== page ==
4. Southern District of New York finds that insurer’s calculation of plan benefits was not an abuse of discretion. Following a bench trial, the U.S. District Court for the Southern District of New York entered judgment against the plaintiff, a plan participant, and in favor defendants, an employee welfare benefit plan and an insurer. In Mayer, the plaintiff brought an action under ERISA alleging the defendants wrongfully calculated his long-term disability benefits and determined that his benefits were fully taxable. Applying the abuse of discretion standard, the Court found the benefit calculation to be adequately supported by the record. The plaintiff owned and operated an affiliate of Ringler Associates Incorporated (“RAI”). Specifically, the plaintiff argued that it was an abuse of discretion to rely on income information from RAI rather than the information provided by his affiliate company. In rejecting this argument, the judge reasoned that RAI, not the affiliate, was the employer, plan administrator, and policyholder under the plan. Moreover, the judge held that it was reasonable for the plan administrator to determine that the plaintiff’s long-term disability benefit was fully taxable. Although the plaintiff provided the insurer a letter from his accountant noting “the company” paid the plaintiff’s premiums, RAI confirmed that it, not the affiliate, paid premiums for the plaintiff’s coverage under the plan. Even if RAI first paid the plaintiff’s premiums and then reassigned those costs to its affiliate, any dispute respecting whether the plaintiff effectively paid his own premium would need to be resolved by the plaintiff and RAI, not the plaintiff and the plan administrator. Significantly, in addition to its benefit calculation claim the plaintiff argued, among other things, that the plan administrator failed to comply with the claims procedure requirements set forth in 29 C.F.R. § 2560.503-1 (“Section 503-1”) by failing to provide requested documentation to the plaintiff prior to its determination on administrative appeal. The judge applied a prior version of Section 503-1, recognizing that the current version of the regulation applied only to claims filed on or after April 1, 2018. Unlike the current version of Section 503-1, the prior version of Section 503-1 did not require disclosure of information generated or received as part of the administrative appeal prior to rendering a decision on review. Therefore, the defendants’ alleged failure to provide the plaintiff the requested documentation did not constitute a violation of the applicable version of Section 503-1. Mayer v. Ringler Assoc. Inc. and Affiliates Long Term Disability Plan, 18 CV 2789 (VB), 2020 WL 1467374 (S.D.N.Y. March 26, 2020).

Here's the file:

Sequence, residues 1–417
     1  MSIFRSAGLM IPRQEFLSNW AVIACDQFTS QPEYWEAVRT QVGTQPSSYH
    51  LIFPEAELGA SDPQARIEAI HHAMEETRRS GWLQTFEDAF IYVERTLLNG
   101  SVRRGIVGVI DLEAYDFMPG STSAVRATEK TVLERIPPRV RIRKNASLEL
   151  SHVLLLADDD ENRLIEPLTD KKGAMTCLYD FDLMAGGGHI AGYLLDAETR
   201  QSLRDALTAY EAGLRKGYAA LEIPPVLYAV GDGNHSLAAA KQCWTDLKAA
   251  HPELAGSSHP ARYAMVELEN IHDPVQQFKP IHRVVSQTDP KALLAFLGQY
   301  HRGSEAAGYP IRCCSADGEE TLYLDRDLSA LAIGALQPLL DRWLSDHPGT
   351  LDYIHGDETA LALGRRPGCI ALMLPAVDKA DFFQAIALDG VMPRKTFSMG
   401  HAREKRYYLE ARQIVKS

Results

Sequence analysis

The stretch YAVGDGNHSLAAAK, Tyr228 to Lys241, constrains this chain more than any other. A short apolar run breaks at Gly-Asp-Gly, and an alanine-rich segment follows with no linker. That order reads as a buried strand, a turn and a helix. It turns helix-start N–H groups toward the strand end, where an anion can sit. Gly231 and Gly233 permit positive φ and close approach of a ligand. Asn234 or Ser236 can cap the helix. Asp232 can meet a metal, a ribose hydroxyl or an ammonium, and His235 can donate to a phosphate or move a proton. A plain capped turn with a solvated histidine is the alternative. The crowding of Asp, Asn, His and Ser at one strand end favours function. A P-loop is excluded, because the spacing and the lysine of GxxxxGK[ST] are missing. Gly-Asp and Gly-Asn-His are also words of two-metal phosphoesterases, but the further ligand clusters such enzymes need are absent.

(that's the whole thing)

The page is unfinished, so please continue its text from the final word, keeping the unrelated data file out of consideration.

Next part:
5. District of Massachusetts rules that video surveillance, alone, can support termination of long-term disability benefits. The U.S. District Court for the District of Massachusetts granted a plan administrator’s motion for summary judgment after determining that the administrator’s decision to terminate a claimant’s long-term disability benefits was reasonable because substantial evidence supported the administrator’s finding that the claimant was not physically disabled from working. In Gammon, the plan administrator relied on video surveillance that contradicted the claimant’s self-reported limitations. For example, while the claimant reported that she was incapable of driving, surveillance showed her driving and that she spent three days in a row out of the house for several hours at a time. The court held that when surveilled activities directly contradict a claimant's asserted limitations in an ERISA case and there is no definitive evidence of a disabling condition, the surveillance alone can provide adequate support for a denial of benefits. Gammon v. Reliance Standard Life Ins. Co., No. 18-11665, 2020 WL 1190926 (D. Mass. March 12, 2020).